Industry rejects latest call for sugar tax

Australian Beverages Council CEO Geoff Parker has rejected calls from the Committee of Presidents of Medical Colleges (CPMC) for the introduction of a tax on sugar-sweetened beverages. 

Speaking at the recent National Health Summit on Obesity, CPMC Chair Nicholas Talley outlined the CPMC’s top five recommendations to tackle the crisis in obesity, which included the introduction of a tax on sugar.

“It’s disappointing that the Committee of Presidents of Medical Colleges has called for a discriminatory tax that evidence clearly shows will not improve public health whatsoever,” Mr Parker said.

The McKinsey Global Institute classifies taxation as one of the least effective obesity interventions, with ‘no direct evidence for change in weight or change in consumption or physical activity levels’.

Mr Parker added that trends in consumption in Australia show that the change a new tax seeks to affect is already happening. Recent Australian Bureau of Statistics (ABS) data indicate a decline in added sugar intake over time, yet obesity rates continue to climb.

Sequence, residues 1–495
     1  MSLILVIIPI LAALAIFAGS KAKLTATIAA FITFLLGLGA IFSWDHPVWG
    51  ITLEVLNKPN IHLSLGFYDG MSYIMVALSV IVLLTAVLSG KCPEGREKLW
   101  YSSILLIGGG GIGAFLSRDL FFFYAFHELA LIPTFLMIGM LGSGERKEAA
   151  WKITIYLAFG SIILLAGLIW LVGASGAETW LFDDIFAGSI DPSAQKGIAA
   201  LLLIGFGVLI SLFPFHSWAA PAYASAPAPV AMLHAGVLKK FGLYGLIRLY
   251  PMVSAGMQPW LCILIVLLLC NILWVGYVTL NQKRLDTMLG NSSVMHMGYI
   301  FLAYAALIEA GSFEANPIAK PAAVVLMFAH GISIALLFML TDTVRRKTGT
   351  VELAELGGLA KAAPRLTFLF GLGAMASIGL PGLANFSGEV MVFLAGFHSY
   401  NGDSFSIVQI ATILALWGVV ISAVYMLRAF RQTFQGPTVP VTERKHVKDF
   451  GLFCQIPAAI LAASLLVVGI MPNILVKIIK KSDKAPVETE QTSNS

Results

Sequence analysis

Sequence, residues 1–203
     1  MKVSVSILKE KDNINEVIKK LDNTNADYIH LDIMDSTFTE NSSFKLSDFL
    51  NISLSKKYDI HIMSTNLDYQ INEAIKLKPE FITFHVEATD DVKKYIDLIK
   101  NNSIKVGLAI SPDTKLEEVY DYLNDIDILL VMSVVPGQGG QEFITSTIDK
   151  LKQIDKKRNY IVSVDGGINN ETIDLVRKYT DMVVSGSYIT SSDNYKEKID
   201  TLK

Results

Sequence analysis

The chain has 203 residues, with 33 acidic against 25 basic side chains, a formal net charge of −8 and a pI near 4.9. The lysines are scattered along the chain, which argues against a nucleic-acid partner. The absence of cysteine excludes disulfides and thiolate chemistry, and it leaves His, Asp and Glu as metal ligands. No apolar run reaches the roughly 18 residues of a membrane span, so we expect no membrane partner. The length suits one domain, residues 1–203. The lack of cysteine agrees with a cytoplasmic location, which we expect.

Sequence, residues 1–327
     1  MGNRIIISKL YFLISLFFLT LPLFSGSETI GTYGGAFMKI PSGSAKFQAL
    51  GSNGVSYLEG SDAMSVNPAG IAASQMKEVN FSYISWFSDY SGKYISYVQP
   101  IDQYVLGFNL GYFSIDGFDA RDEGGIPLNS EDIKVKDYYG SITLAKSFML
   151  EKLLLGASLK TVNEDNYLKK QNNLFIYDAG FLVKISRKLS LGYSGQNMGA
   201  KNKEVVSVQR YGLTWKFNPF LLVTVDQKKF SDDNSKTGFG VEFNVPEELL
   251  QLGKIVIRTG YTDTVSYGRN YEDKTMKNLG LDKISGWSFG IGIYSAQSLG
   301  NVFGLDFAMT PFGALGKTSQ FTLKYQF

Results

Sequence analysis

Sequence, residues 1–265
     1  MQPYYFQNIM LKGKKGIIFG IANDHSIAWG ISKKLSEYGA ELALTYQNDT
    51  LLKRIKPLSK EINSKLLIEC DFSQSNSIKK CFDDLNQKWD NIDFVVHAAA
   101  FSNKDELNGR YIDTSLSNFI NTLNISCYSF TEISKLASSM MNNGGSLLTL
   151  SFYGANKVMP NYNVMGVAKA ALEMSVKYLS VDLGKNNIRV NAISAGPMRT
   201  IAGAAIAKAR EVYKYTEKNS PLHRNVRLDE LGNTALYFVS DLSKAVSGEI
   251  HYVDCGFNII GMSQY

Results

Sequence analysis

“Obesity is a serious and complex public issue with no single cause or quick-fix solution,” Mr Parker said. “A new tax is not the way to make our nation healthier.”

According to new research from the Australasian Association of Convenience Stores (AACS), the majority of Australians believe a sugar tax would be ineffective in the fight against obesity, with most opposed to such a tax on the basis it would increase cost of living pressure, threaten businesses and jobs, and because there are better ways to tackle obesity.

The survey, involving 4,000 voters aged 18 years plus from around Australia, shows consumers believe the most effective strategy to reduce obesity is to ban advertising of high calorie foods during children’s TV programs, while the least effective strategy would be to impose a sugar tax.

“These results comprehensively demonstrate that Australians don’t believe that introducing a sugar tax will impact consumer behaviour or health outcomes,” AACS CEO Jeff Rogut said. “Most are opposed to a sugar tax because it will pressure their budgets, and threaten jobs and industries.”

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